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7.8.1.1 - Charge: Statutory Perjury

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I must now direct you about the crime of perjury. To prove this crime, the prosecution must prove the following three elements beyond reasonable doubt.

One – the accused made a false statement.

Two – the accused made the false statement [under oath / on affirmation / in a declaration / in an affidavit].

Three – the accused knew that the statement was false, or did not believe that it was true.

I will now explain each of these elements in more detail.

The Accused Made a False Statement

The first element that the prosecution must prove beyond reasonable doubt is that the accused made a statement which was false.

In this case the prosecution alleged that NOA made the following false statement: [identify alleged false statement]. [1]

[Summarise relevant evidence and arguments about whether the statement was false].

[Where a corroboration direction is required, add the following shaded section.]

The law says that you must not find this element to have been proven on the basis of the evidence of one witness alone. You must be satisfied that there is additional evidence in the case that supports the witness’s allegation that the statement was false.

In this case, the prosecution relies on the following evidence to support NOW’s allegation: [Identify evidence capable of providing corroboration]. This is the only evidence that can support NOW’s evidence for this purpose.

It is for you to determine, based on all the evidence, whether NOA made a false statement. It is only if you are satisfied, beyond reasonable doubt, that s/he did, that this first element will be met.

The False Statement was made in Prohibited Circumstances

The second element that the prosecution must prove beyond reasonable doubt is that the accused made the false statement [under oath / on affirmation / in a declaration / in an affidavit].

In this case it is not disputed that the relevant statement was made [under oath / on affirmation / in a declaration / in an affidavit]. You should therefore have no difficulty finding this element proven. [2]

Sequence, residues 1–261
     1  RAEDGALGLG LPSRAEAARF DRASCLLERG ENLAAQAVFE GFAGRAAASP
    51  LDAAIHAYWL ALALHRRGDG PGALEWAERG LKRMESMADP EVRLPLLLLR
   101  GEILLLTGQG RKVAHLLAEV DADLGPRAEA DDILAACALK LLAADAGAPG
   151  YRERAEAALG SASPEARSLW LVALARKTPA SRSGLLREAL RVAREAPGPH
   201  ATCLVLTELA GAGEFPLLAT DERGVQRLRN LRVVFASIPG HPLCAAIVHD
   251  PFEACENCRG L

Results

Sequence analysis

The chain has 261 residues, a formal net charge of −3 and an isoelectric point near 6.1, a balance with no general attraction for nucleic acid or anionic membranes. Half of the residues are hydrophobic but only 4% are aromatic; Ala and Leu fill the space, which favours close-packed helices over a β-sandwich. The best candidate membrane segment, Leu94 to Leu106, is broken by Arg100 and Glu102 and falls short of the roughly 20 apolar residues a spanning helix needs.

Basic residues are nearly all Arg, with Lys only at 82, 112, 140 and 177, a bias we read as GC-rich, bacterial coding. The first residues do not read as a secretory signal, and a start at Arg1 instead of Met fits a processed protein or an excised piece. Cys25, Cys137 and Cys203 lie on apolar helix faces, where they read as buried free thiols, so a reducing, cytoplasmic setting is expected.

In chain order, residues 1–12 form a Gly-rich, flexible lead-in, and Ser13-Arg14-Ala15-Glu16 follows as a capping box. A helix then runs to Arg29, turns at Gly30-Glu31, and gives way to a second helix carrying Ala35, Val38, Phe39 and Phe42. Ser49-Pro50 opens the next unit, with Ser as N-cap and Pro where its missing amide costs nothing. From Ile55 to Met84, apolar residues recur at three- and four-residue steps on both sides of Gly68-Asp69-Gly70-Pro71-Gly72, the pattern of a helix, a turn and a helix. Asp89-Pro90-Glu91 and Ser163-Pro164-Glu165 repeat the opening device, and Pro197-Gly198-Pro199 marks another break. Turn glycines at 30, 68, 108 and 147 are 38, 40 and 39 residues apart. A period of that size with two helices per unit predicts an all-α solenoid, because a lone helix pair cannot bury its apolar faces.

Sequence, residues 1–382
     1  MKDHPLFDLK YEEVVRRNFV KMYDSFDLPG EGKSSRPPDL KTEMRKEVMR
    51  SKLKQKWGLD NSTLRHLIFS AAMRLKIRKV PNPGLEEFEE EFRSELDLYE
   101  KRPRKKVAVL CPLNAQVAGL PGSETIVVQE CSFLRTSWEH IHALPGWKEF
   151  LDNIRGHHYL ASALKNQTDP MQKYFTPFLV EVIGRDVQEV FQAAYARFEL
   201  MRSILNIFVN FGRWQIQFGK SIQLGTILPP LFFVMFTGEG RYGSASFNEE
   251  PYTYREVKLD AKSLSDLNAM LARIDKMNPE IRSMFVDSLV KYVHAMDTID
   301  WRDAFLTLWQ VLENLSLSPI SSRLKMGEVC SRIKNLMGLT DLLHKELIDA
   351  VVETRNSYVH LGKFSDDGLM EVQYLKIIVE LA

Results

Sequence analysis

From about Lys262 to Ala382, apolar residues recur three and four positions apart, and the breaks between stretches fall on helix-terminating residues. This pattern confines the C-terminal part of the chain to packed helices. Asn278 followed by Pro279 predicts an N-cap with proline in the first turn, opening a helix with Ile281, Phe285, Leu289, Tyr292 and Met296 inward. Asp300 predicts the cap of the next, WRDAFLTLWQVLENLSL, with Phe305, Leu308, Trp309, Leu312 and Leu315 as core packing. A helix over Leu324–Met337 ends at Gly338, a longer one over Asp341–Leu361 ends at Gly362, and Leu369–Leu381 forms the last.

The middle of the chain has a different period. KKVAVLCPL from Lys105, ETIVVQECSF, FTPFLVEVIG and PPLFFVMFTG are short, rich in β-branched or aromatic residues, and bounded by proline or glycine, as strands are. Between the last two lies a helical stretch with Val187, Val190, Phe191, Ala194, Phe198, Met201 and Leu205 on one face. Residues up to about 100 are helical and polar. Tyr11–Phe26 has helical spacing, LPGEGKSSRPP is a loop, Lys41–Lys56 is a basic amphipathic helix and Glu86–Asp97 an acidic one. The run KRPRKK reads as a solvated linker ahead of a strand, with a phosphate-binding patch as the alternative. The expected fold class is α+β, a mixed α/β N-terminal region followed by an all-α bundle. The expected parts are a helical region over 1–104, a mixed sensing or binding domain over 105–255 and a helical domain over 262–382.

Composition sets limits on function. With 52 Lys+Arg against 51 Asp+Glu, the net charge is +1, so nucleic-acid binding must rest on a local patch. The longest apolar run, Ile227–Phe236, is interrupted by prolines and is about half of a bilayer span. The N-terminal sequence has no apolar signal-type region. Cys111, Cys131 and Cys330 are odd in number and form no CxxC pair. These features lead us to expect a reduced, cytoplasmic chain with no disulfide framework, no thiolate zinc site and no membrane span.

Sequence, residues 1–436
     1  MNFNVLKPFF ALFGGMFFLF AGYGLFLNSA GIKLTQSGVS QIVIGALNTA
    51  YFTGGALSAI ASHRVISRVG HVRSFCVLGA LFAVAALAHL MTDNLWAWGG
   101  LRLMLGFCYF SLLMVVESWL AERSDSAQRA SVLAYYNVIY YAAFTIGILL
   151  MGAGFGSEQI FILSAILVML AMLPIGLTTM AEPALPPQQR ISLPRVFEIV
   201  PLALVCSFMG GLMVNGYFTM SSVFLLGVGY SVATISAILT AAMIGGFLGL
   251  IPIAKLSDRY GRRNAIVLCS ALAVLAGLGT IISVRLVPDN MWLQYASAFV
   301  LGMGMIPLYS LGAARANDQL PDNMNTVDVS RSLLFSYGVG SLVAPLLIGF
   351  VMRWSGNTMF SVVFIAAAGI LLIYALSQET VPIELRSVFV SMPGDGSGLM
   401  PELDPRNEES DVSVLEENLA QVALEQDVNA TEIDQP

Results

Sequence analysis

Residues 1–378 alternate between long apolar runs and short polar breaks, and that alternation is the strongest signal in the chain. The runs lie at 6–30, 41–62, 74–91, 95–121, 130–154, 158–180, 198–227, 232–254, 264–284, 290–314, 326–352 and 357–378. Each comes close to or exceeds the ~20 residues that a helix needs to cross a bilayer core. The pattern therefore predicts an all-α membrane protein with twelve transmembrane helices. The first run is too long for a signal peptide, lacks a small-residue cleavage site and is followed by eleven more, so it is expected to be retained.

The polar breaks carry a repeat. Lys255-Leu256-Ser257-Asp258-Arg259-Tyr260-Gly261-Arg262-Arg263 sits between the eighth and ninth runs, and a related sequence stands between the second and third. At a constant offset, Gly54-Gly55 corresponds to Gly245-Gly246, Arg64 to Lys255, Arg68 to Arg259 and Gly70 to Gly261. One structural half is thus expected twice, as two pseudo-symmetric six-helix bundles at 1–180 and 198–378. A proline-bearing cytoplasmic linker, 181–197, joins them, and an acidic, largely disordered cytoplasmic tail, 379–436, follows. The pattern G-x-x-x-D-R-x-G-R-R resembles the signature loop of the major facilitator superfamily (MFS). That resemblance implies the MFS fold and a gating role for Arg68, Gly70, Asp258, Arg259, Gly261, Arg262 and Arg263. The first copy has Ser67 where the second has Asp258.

The False Statement was made Knowingly

The third element relates to the state of mind the accused had when s/he made the statement. The prosecution must prove that the accused either knew that the statement was false, or did not believe that it was true.

This element will not be met if NOA honestly but mistakenly believed the statement was true. A person cannot be convicted of perjury simply because they made a mistake. For this element to be satisfied NOA must have actually known that it was untrue to state that [identify statement], or at least not believed that was true.

[Summarise evidence and/or arguments about the accused’s state of mind.]

Relate Law to the Evidence

[If not previously done, apply the law to the relevant evidence here.]

Summary

To summarise, before you can find NOA guilty of perjury the prosecution must prove to you beyond reasonable doubt:

One – that s/he made a false statement; and

Two – that the false statement was made [under oath / on affirmation / in a declaration / in an affidavit]; and

Three – that NOA knew that the statement was false, or did not believe that it was true.

If you find that any of these elements have not been proven beyond reasonable doubt, then you must find NOA not guilty of perjury.

 

Notes

[1] This charge is designed for use in cases where the accused makes an untrue assertion, or purports to verify the truth of a statement which is untrue. It will need to be modified if it is alleged that the accused made a false statement by omitting to mention information which the law required him or her to mention.

[2] If there is a factual dispute over whether the accused was under a legal obligation to tell the truth, or whether the oath, affirmation, declaration or affidavit was lawfully made or administered, this section will need to be modified.

Last updated: 11 July 2018

See Also

7.8.1 - Statutory Perjury

7.8.1.2 - Checklist: Statutory Perjury